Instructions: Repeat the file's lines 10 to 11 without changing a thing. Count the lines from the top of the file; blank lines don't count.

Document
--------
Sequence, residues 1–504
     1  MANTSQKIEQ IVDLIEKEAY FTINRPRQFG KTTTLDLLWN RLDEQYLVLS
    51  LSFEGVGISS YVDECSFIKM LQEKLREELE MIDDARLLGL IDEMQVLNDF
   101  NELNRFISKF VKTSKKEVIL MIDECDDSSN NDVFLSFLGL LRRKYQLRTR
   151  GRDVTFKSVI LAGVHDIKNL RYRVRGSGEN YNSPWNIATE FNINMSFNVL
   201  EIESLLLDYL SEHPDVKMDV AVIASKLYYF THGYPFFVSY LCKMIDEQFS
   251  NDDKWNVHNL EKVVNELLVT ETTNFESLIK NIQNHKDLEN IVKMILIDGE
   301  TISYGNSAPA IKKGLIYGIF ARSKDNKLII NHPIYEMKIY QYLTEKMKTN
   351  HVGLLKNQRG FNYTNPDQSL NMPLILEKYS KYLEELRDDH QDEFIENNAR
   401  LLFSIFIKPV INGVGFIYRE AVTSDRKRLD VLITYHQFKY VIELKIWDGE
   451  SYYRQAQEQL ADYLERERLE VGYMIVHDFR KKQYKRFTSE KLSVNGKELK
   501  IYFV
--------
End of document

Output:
   401  LLFSIFIKPV INGVGFIYRE AVTSDRKRLD VLITYHQFKY VIELKIWDGE
   451  SYYRQAQEQL ADYLERERLE VGYMIVHDFR KKQYKRFTSE KLSVNGKELK